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I know why the caged bir.., p.11
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       I Know Why the Caged Bird Sings, p.11

         Part #1 of Maya Angelou's Autobiography series by Maya Angelou
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Everyone attended the revival meetings. Members of the hoity-toity Mount Zion Baptist Church mingled with the intellectual members of the African Methodist Episcopal and African Methodist Episcopal Zion, and the plain working people of the Christian Methodist Episcopal. These gatherings provided the one time in the year when all of those good village people associated with the followers of the Church of God in Christ. The latter were looked upon with some suspicion because they were so loud and raucous in their services. Their explanation that “the Good Book say, ‘Make a joyful noise unto the Lord, and be exceedingly glad’” did not in the least minimize the condescension of their fellow Christians. Their church was far from the others, but they could be heard on Sunday, a half mile away, singing and dancing until they sometimes fell down in a dead faint. Members of the other churches wondered if the Holy Rollers were going to heaven after all their shouting. The suggestion was that they were having their heaven right here on earth.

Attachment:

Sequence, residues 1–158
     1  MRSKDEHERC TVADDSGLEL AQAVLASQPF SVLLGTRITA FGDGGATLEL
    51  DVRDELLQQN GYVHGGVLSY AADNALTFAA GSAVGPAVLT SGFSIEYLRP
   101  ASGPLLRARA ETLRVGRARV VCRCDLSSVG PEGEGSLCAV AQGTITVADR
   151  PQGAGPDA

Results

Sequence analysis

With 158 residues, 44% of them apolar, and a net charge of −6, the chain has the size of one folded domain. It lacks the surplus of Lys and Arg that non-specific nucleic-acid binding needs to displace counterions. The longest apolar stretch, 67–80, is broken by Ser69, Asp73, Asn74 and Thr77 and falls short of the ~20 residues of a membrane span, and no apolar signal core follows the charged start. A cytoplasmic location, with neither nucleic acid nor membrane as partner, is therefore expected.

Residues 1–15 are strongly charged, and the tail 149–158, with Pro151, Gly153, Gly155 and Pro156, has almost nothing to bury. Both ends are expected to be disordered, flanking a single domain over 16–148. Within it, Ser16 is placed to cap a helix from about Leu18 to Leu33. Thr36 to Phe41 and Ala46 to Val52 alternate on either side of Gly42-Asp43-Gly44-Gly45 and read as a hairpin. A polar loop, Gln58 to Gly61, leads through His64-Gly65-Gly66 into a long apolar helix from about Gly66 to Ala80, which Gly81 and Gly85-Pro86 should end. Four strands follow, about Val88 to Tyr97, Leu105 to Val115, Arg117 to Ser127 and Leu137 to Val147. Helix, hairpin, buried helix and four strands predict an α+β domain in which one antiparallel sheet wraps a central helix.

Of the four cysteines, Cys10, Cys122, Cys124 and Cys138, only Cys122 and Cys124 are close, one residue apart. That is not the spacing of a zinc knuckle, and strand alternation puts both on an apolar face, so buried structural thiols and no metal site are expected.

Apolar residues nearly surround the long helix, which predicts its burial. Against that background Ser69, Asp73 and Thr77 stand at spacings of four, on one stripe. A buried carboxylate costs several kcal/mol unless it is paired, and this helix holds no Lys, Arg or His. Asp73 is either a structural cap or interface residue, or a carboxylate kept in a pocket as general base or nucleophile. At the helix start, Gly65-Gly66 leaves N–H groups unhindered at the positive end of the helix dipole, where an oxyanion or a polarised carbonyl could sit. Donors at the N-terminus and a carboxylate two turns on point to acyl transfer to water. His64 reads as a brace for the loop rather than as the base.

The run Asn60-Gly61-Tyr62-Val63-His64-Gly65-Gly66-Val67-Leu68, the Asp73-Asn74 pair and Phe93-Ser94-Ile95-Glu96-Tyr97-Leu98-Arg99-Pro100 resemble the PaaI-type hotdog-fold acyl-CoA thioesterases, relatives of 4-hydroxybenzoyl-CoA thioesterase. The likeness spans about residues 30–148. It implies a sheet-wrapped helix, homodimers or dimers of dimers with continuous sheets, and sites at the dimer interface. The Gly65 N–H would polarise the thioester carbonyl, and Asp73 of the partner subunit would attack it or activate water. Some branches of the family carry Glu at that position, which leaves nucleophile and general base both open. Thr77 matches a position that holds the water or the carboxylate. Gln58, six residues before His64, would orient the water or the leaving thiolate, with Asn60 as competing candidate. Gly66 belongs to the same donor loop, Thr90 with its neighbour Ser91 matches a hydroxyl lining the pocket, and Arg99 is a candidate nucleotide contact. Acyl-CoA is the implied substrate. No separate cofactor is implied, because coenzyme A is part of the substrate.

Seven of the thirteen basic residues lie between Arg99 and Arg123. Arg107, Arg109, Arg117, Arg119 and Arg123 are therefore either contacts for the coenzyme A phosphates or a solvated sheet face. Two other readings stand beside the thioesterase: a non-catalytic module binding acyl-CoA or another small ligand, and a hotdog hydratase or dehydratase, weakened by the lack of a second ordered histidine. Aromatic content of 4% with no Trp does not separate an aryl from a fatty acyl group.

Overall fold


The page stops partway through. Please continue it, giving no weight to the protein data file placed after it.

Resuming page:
This was their annual revival.

  Mrs. Duncan, a little woman with a bird face, started the service. “I know I’m a witness for my Lord … I know I’m a witness for my Lord, I know I’m a witness …”

  Her voice, a skinny finger, stabbed high up in the air and the church responded. From somewhere down front came the jangling sound of a tambourine. Two beats on “know,” two beats on “I’m a” and two beats on the end of “witness.”